The only two-needle pine of the park, the lodgepole pine or "tamarack" (Pinus contorta), forms extensive forests at elevations of 7000 to 9500 feet—indeed, it is so abundant as to be the one plebian tree of the High Sierra. In general the tree is not more than 2 feet in diameter and 50 feet in height, but much larger specimens may be found. The species may be distinguished (a) by its two-needle bundles which range in length from 1 to 2 1/2 inches and are generally curved, (b) by its small cones (length 3/4 to 2 1/2 inches), and (c) by its thin, flaky, purplish bark.
The only known specimen of the one leaf pinyon of nut pine (Pinus monophylla) in the park grows in Pate Valley in the gorge of the Grand Canyon of the Tuolumne. It probably sprang from a seed carried over the mountains by the Indians from the Mono Lake region where the nuts of this small tree form an important part of the food of the natives.
Of the four American hemlocks but one species occurs in the Sierra Nevada. The mountain hemlock (Tsuga mertensiana) ventures southward from Alaska along the mountain sides, ascending higher and higher until, in Yosemite National Park, it is found only in alpine forests above 9000 feet elevation. It is universally proclaimed the most graceful tree of the mountains. The beautiful drooping tip and branches set it aside from all other conifers, and its customary
Western Juniper Trees at Benson Lake
Photo by A. C. Pillsbury
The Douglas fir (Pseudotsuga taxifolia) is the most important timber tree in the world. In Oregon and Washington it forms great forests, but here near the southern limit of its range we find it sparsely mixed with other species of the middle altitudes. There are some splendid old specimens in the cool shade of Yosemite’s great south wall and on the talus slopes up to 6500 feet elevation. The tree is most easily recognized (a) by its medium sized pendulous cones which are two to four inches in length and have trident-shaped bracts sticking from between the scales, (b) by its drooping lower branchlets which are clothed all around with petioled leaves from 3/4 to 1 1/4 inches in length, and (c) by the thick, deeply furrowed ashy brown bark.
The true firs (genus Abies) differ from all their American relatives of the Pine Family by bearing erect cones. These generally occur at the very tips of the trees, and since the scales and seeds are shed one by one and blown away by the winds, they are almost never found beneath the trees. Of our nine American firs two species inhabit the Sierra Nevada. The white fir (Abies concolor) is common at middle altitudes, ranging from 3500 to 8000 feet, while the red fir (Abies magnifica) claims the higher slopes. Both Species are beautifully symmetrical with erect, narrow, dense, spire-like crowns and delicate regularly whorled branches. All firs are lovers of shade and therefore grow in dense stands crowding out the less tolerant species. The white fir may be identified (a) by the leaves, which are 1 to 2 inches long, without leaf stalks, and flattened or two-ranked on the lower branchlets, (b) by the bark which in the younger trees is white and bears balsam blisters and in the older trees is deeply furrowed, corky, and ashy gray in color, (c) by the cones which are 3 to 5 inches in length and borne erect near the tops of the trees, and (d) by the habitat, the tree generally occurring at middle altitudes as an associate of yellow and sugar pines. The red fir (Abies magnifica) may be identified (a) by its short needles 3/4 to 1 inch in length which generally curl upward on the branchlets, (b) by the bark which in the young trees is silvery gray but in middle aged and older trees is a deep carmine-red and divided into small plates, (c) by the large cones 6 to 8 inches in length, which are borne near the tips of the trees and generally have bracts sticking from between the scales, and (d) by the altitude, the tree generally occurring between 7500 and 9500 feet elevation.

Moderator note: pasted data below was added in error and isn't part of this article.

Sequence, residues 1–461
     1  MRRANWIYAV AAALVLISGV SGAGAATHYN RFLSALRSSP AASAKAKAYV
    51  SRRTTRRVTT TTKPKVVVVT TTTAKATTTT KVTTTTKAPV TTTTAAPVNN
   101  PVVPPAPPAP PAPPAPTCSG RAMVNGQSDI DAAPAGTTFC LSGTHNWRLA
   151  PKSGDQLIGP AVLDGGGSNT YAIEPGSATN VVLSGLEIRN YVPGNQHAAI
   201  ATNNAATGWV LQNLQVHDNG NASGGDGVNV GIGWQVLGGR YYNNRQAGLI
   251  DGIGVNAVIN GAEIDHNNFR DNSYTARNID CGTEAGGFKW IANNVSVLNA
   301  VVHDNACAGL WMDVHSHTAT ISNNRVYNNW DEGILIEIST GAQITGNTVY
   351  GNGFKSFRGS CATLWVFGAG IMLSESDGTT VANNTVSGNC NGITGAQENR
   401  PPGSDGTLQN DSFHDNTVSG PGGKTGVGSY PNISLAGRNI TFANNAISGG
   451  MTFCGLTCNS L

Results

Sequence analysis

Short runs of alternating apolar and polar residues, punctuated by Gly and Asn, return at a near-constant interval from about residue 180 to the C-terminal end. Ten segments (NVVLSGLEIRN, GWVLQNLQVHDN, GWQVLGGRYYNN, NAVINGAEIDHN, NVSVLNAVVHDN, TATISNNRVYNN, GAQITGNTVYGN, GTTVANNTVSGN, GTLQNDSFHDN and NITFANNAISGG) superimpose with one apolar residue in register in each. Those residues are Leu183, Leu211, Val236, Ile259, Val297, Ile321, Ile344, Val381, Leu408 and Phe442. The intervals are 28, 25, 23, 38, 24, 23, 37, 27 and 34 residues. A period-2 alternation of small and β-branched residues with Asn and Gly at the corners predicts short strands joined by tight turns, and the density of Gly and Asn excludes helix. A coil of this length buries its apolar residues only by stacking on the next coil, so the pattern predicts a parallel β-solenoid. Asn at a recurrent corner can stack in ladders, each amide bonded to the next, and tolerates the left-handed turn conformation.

The Redwood Family (Taxodiaceae) is represented in the United States by only three species and in Yosemite National Park by a single species, the giant sequoia (Sequoia gigantea). This tree, widely famed as the oldest and largest living thing, occurs in but twenty-six groves which are all found in the middle elevations of the Sierra Nevada from the vicinity of Lake Tahoe on the north to the region about Kings River Canyon on the south. There are three groves in the park, the nearest to Yosemite being 17.2 wiles distant. The following chapter is entirely devoted to the habits and history of this most wonderful tree. In its natural habitat the tree is seldom confused with any of its associates. Among its distinguishing characteristics are (a) the massive clear trunks with their cinnamon- or chocolate-brown fibrous bark, (b) the closely overlapped leaves which are awl-like on the lower part of the tree and scale-like near the top, and (e) the brilliant brown cones which vary in length from 1 1/2 to 3 inches.
The members of the Cypress Family (Cupressaceae), in which are the many so-called American cedars, all have scale-like leaves and stringy fibrous bark. Two Yosemite trees belong to this family. The incense cedar (Libocedrus decurrens) is one of the most abundant trees in the Valley and on the talus slopes above. The vivid green of its perfectly formed crown contrasted with its fluted brown trunk make it a constant object of admiration. Chief among the distinguishing characteristics are (a) the flat sprays which are made up of scalelike leaves, the bases of which are closely adherent to the branchlets, (b) the small cones which range from 3/4 to 1 1/4 inches in length and are made up of five (apparently three) scales, and (c) the golden- or cinnamon-brown fibrous bark.